A number of BA-enhancement strategies, such as drug dispersions, selfemulsification, liposomal formulations, size reduction (nanoscale), chemical complexation, and the use of nanocarriers, excipients, and targeting carriers were developed to address issues with specific drugs, and the industry is now striving to develop an integrated range of formulation and delivery strategies that can be cost effectively implemented as a complete toolkit in the drug development process for a wide range of drugs.

Approaches that can mitigate the biological, physical, and chemical barriers for effective delivery of poorly soluble and permeable drugs are being developed by a number of companies working closely with drug developers. Catalent; Merck Millipore; SEPS Pharma; Dow Pharmaceutical Sciences, Inc.; BASF; Aptuit LLC; and Alkermes plc are some of the key technology developers and contract service providers aiding in drug formulation development and manufacture. Enhancement in the BA of a drug cannot only improve patient compliance due to better therapeutic performance and reduced toxicity, but can also aid drug developers in significantly reducing the time and cost of development, while also easing the regulatory approval process.


Bioavailability boosting technologies not only support product development for new NCEs and NBEs, but also for generic versions of existing drugs and biosimilars. Companies that have developed innovator molecules for specific disease segments can expand their patent and product portfolio by improving the pharmacokinetic profile and dosing parameters of these drugs and also by developing novel formulations that are administrable via different routes. BA and solubility enhancement could also be used as a patenting strategy by companies that are working on generic formulations and biosimilars development. Achieving bioequivalence with alternative routes of administration, such as oral, dermal, mucosal, and pulmonary, with the use of delivery carriers and drug modification techniques could enable biotech and pharmaceutical companies to bring their drugs to the market at a faster pace, while also preventing the failure of drugs in late stages of development.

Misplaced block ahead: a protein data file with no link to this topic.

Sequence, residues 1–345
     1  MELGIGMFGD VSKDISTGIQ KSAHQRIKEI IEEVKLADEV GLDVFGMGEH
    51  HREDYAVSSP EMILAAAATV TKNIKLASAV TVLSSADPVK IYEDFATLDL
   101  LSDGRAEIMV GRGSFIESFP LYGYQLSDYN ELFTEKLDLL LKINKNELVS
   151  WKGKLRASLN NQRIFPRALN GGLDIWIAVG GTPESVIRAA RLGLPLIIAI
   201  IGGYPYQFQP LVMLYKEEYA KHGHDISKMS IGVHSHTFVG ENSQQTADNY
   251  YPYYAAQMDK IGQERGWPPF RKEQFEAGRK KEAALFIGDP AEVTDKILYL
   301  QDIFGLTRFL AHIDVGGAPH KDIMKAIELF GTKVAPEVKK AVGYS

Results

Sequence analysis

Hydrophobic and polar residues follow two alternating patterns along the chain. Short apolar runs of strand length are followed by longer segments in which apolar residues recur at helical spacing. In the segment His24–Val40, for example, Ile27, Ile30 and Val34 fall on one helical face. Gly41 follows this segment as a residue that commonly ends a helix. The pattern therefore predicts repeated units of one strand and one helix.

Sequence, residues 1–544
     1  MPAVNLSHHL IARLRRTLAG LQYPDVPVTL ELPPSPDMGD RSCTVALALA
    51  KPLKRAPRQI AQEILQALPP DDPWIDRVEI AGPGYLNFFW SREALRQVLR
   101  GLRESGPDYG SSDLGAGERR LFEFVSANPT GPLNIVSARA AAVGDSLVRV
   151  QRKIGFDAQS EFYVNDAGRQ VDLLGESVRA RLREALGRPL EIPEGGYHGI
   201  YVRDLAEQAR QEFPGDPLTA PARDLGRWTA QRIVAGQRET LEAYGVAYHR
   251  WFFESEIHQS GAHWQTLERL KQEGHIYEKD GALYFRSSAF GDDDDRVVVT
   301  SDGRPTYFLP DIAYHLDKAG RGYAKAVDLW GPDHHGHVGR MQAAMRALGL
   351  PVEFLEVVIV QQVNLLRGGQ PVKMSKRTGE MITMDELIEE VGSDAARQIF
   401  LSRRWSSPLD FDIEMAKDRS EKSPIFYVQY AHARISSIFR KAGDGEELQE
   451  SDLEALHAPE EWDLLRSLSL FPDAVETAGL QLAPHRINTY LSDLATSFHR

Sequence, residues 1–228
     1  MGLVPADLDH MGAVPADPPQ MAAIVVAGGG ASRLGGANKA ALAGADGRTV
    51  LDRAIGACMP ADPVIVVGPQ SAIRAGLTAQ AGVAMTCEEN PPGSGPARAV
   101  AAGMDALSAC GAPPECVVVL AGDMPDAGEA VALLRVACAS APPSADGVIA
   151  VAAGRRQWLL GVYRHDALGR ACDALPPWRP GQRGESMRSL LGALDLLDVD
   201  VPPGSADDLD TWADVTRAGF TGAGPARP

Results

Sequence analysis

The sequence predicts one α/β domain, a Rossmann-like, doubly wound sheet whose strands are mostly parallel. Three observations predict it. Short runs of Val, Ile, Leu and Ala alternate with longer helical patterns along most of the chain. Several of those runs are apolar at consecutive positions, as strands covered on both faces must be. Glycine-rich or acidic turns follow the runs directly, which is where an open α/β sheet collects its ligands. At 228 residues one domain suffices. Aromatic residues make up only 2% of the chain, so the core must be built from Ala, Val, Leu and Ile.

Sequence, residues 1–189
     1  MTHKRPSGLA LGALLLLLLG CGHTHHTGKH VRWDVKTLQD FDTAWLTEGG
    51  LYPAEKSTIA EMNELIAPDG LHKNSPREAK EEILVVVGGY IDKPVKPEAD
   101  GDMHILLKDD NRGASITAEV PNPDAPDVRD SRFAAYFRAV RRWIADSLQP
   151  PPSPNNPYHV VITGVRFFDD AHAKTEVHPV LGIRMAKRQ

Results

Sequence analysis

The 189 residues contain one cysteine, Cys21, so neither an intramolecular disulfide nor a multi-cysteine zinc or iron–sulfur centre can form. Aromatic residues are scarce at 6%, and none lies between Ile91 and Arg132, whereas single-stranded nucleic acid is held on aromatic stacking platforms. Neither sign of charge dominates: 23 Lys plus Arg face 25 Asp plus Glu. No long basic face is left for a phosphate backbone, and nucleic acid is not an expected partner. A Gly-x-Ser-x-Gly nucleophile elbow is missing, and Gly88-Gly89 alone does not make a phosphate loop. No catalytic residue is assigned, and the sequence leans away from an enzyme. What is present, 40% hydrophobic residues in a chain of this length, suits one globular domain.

Biologics and other protein-based drugs have emerged as the primary class of drugs for several serious and chronic diseases like cancer, neurology, genetic disorders, and metabolic diseases, in which small molecules have generally not been successful. However, delivery is a challenge with biopharmaceuticals as they are larger and have a more complex molecular structure (when compared to small molecules), which makes it more difficult to administer biopharmaceuticals orally, or via alternative routes.